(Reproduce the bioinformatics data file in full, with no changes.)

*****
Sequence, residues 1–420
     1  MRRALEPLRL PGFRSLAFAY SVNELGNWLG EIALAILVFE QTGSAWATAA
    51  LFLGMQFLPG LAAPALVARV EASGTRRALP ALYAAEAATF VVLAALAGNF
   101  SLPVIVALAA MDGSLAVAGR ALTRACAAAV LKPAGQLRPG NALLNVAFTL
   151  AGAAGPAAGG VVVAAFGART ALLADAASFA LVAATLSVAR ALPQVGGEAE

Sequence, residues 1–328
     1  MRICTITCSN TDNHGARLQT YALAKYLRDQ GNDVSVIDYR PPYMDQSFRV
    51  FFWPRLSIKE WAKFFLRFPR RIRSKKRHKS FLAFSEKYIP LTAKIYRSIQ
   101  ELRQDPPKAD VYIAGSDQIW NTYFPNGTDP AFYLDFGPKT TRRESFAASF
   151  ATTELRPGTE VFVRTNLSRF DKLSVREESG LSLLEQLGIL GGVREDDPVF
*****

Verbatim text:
Sequence, residues 1–420
     1  MRRALEPLRL PGFRSLAFAY SVNELGNWLG EIALAILVFE QTGSAWATAA
    51  LFLGMQFLPG LAAPALVARV EASGTRRALP ALYAAEAATF VVLAALAGNF
   101  SLPVIVALAA MDGSLAVAGR ALTRACAAAV LKPAGQLRPG NALLNVAFTL
   151  AGAAGPAAGG VVVAAFGART ALLADAASFA LVAATLSVAR ALPQVGGEAE

Sequence, residues 1–328
     1  MRICTITCSN TDNHGARLQT YALAKYLRDQ GNDVSVIDYR PPYMDQSFRV
    51  FFWPRLSIKE WAKFFLRFPR RIRSKKRHKS FLAFSEKYIP LTAKIYRSIQ
   101  ELRQDPPKAD VYIAGSDQIW NTYFPNGTDP AFYLDFGPKT TRRESFAASF
   151  ATTELRPGTE VFVRTNLSRF DKLSVREESG LSLLEQLGIL GGVREDDPVF